Washington: Putting on weight? Blame it on your genes, says a new study.
An international team, led by Garvan Institute, has carried out the study and found that the relationship between overeating and weight gain is actually linked to a person`s
genetic history, the `Diabetologia` journal reported.
In their study, the scientists have shown that healthy people with a genetic predisposition to Type 2 diabetes gain more weight by overeating over the short term than their non-
genetically prone counterparts.
Seventeen people with a family history of Type 2 diabetes, along with 24 people without any family history, took part in the research. The groups were matched for age, weight and lifestyle.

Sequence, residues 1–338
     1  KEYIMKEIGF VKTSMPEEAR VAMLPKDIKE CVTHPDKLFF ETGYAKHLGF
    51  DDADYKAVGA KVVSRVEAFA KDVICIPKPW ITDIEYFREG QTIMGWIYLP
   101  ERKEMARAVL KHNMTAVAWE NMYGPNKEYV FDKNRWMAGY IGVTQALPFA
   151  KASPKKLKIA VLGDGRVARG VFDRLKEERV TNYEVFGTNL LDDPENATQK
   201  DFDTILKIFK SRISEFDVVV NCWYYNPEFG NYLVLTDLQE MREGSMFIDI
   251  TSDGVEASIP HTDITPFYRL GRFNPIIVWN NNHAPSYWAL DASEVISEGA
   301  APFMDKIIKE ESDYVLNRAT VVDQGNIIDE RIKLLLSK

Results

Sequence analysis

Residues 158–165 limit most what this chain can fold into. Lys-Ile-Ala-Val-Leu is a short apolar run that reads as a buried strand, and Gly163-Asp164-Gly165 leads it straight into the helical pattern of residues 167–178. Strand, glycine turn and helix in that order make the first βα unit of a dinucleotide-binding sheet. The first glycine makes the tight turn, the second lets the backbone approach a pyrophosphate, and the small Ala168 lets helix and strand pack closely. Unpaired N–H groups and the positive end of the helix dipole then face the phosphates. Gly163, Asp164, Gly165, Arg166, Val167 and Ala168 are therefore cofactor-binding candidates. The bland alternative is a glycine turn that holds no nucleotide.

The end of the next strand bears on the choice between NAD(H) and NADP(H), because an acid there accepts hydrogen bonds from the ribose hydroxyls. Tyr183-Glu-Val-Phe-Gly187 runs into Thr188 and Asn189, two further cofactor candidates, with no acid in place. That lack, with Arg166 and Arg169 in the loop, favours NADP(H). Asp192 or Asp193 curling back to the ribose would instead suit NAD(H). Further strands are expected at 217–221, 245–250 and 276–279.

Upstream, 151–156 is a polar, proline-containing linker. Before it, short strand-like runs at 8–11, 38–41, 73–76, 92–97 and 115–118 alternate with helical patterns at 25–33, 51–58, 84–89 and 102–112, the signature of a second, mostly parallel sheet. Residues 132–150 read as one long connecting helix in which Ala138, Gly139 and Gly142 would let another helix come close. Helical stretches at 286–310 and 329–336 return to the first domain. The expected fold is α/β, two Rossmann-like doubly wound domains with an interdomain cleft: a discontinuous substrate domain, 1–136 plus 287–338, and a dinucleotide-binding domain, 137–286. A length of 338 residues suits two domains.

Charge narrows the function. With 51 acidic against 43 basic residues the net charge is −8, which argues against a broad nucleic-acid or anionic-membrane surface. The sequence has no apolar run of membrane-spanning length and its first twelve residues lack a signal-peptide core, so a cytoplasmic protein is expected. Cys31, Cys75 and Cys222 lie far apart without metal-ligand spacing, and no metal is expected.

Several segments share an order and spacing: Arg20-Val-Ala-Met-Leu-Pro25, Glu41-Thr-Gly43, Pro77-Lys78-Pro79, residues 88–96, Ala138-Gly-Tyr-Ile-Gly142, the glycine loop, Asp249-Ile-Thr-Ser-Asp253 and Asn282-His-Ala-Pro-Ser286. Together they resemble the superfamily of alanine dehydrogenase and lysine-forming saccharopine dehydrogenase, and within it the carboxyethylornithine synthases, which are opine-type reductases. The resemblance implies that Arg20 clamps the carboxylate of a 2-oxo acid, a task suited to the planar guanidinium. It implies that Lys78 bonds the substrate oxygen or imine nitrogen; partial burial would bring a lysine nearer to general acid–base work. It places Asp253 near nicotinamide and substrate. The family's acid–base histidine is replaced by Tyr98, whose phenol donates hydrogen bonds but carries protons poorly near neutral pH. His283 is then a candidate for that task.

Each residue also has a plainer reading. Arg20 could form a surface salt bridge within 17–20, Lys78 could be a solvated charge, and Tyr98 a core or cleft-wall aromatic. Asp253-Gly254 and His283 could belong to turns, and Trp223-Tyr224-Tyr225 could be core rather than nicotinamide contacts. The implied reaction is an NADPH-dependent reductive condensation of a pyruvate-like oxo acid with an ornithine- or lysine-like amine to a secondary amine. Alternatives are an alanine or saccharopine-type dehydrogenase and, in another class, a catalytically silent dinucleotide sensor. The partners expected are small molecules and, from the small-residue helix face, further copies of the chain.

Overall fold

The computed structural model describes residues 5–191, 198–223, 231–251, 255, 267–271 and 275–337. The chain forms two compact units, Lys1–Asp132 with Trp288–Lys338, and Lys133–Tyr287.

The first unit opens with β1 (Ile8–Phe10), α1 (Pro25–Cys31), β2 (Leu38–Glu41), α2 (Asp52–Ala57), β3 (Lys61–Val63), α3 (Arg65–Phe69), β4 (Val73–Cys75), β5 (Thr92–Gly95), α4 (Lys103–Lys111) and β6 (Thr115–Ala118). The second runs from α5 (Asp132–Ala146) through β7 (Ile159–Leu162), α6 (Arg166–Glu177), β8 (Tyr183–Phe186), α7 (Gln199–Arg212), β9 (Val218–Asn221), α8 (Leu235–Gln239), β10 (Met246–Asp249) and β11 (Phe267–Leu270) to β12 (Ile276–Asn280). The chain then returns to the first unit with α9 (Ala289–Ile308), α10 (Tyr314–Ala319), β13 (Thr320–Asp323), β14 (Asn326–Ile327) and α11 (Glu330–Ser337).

Each person was asked to eat 1,250 calories a day beyond their energy requirements -- all carefully calculated in advance. They were given a variety of high-fat snacks such
as crisps, chocolate bars and dairy desserts to supplement their normal diets.
Their weight, fat distribution and blood insulin levels were measured at the start of the project, after 3 days and at 28 days.
On average, the people with a family history of diabetes gained over a kilogramme more than the rest over 28 days. They also had more insulin circulating in their systems
after 3 days, before they showed any detectable difference in weight gain from the other group, the study found.